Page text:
China's evasion of economic sanctions on Iran is fueling Tehran's support for its proxy groups in Yemen and throughout the region.
On March 1, Reuters reported that China's purchases of Iranian oil have risen to record levels in recent months, exceeding a 2017 peak when the trade was not subject to US sanctions, tanker tracking data showed.
Chinese imports exceeded 700,000 barrels per day (bpd) for January, according to estimates of three tanker trackers, outstripping the 623,000 bpd peak recorded by Chinese customs in 2017.
The United States reimposed sanctions on Iranian oil in 2018 after a deal curbing Tehran's nuclear programme fell through, preventing Iran from pumping anywhere near capacity.
On Sunday (April 3), however, National Iranian Oil Company (NIOC) CEO Mohsen Khojastehmehr announced that "oil production has reached pre-sanctions figures, despite economic pressures", according to state news agency IRNA.
He said output has been restored to the pre-sanctions level of 3.8 million bpd, adding: "We are now in a position to double our exports."
China's oil imports from Iran
China has long been importing Iranian oil under the radar, with the shipments not reflected in official customs data as buyers fear invoking US sanctions.
In January, however, China's customs reported the first import of Iranian crude in a year despite ongoing sanctions.
China's fuel imports from Iran come as Tehran continues to fund and arm its proxies, including the Houthis in Yemen.
A United Nations (UN)-brokered two-month truce took effect in Yemen Saturday, the first day of the Muslim holy month of Ramadan.
The Houthis and the Saudi-led military coalition have both agreed to observe the ceasefire.
The Houthis on March 25 fired drones and missiles at 16 targets in Saudi Arabia, hitting Aramco's petroleum products distribution station in Jeddah and causing a fire in two storage tanks.
A few days earlier, they launched a wave of cross-border drone and missile attacks at civilian facilities in Saudi Arabia.
They used Iranian cruise missiles to attack a desalination plant in al-Shuqaiq and an Aramco petroleum distribution plant in Jizan.
The Arab coalition also destroyed two boat drones off the coast of al-Hodeidah, which the Houthis were reportedly planning to use in attacks on oil tankers crossing Bab al-Mandeb strait.
Earlier this year, the Houthis also launched three separate attacks on the United Arab Emirates (UAE), after suffering a series of defeats on the ground in Yemen.
The Houthis' attacks signal "Iran's malicious intentions towards the security and stability of the region, with its continued smuggling of weapons to the Houthis", said Yemeni Deputy Minister of Legal Affairs and Human Rights Nabil Abdul Hafeez.
"Iran deceives the international community and the United States when it demands that sanctions imposed on it be lifted," he said, referring to the ongoing talks that could see Iran return to the terms of the 2015 nuclear deal.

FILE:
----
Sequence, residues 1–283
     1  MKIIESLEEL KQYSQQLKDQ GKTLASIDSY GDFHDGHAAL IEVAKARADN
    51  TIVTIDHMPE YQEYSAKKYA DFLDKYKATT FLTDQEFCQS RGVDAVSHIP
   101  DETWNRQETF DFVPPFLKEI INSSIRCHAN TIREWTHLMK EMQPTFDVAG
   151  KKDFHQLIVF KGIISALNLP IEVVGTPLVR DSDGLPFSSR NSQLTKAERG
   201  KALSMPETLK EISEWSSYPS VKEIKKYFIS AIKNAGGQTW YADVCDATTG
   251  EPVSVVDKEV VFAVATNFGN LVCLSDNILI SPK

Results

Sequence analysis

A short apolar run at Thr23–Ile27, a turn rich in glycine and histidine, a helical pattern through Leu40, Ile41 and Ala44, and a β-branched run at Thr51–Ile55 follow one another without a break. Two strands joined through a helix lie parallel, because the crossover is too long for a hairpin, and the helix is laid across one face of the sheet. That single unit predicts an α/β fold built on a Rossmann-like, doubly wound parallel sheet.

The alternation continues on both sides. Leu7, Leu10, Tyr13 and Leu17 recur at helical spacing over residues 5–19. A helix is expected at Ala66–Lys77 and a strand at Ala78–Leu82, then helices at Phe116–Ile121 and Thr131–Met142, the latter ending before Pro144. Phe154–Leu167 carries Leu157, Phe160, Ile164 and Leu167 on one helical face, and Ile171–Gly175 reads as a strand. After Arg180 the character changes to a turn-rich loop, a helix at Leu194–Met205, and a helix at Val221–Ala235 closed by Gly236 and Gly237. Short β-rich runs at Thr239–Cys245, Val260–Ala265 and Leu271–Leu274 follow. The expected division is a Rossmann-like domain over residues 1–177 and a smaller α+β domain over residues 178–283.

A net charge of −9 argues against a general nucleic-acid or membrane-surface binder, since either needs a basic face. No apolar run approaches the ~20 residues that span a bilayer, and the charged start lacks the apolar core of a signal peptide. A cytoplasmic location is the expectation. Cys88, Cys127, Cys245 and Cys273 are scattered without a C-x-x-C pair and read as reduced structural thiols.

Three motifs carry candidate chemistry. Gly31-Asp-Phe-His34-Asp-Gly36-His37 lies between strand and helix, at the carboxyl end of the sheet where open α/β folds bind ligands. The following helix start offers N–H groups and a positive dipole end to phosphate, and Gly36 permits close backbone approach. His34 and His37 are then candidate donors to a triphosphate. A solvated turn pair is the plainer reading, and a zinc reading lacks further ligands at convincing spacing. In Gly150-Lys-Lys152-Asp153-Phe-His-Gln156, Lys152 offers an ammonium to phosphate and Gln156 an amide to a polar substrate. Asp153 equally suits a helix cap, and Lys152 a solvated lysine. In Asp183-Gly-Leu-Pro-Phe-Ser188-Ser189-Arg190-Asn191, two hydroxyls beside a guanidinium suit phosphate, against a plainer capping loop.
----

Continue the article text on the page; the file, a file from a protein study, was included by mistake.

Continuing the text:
The Islamic Revolutionary Guard Corps (IRGC) has continued to smuggle arms to the Houthis, officials said, fueling regional tensions and squandering the opportunity to achieve lasting peace in Yemen.
IRGC smuggling networks repeatedly have attempted to breach a UN-imposed arms embargo that bans the supply of weapons to the Houthis, Abdul Hafeez said.
"Hardly a period passes without us hearing about a seizure of Iranian weapons by the US Navy," he added.
Ballistic missile parts from China
Meanwhile, sanctions against Iranian intermediaries smuggling ballistic missile parts from China are another sign of Beijing's contribution to instability in the region.
The United States on March 30 announced sanctions targeting several entities it says are involved in procuring supplies for Tehran's nuclear programme.
The move "reinforces" Washington's commitment to prevent Iran from developing ballistic missiles, said US Treasury Under Secretary for Terrorism Brian Nelson in a statement.
The sanctions target Iranian national Mohammad Ali Hosseini and his "network of companies" as suppliers of the programme, according to the statement.
Hosseini has been personally involved in high-level meetings and traveled with senior IRGC officials in his role as the manager of Sina Composite Delijan Co., the statement said.
He procured processing machines for nitrile butadiene rubber from China using falsified shipping documents, as well as an inert gas jet milling system from Chinese suppliers.
"Jet mills, also known as fluid energy mills, are used in the production of solid missile propellant," the statement noted.
The sanctions also targeted P.B. Sadr Co. which acted as a key intermediary for Iran's Parchin Chemical Industries (PCI), an element of Iran's Defence Industries Organisation (DIO).
P.B. Sadr Co. served as the recipient of China-sourced centrifuge components used in the production of ballistic missile propellant on PCI's behalf.
The sanctions follow Iran's missile attack on Erbil, Iraq, on March 13 and the attack on Saudi Aramco on March 25, as well as other missile attacks by Iranian proxies on Saudi Arabia and the UAE, the Treasury said.
Iran claimed responsibility for the March 13 missile strikes.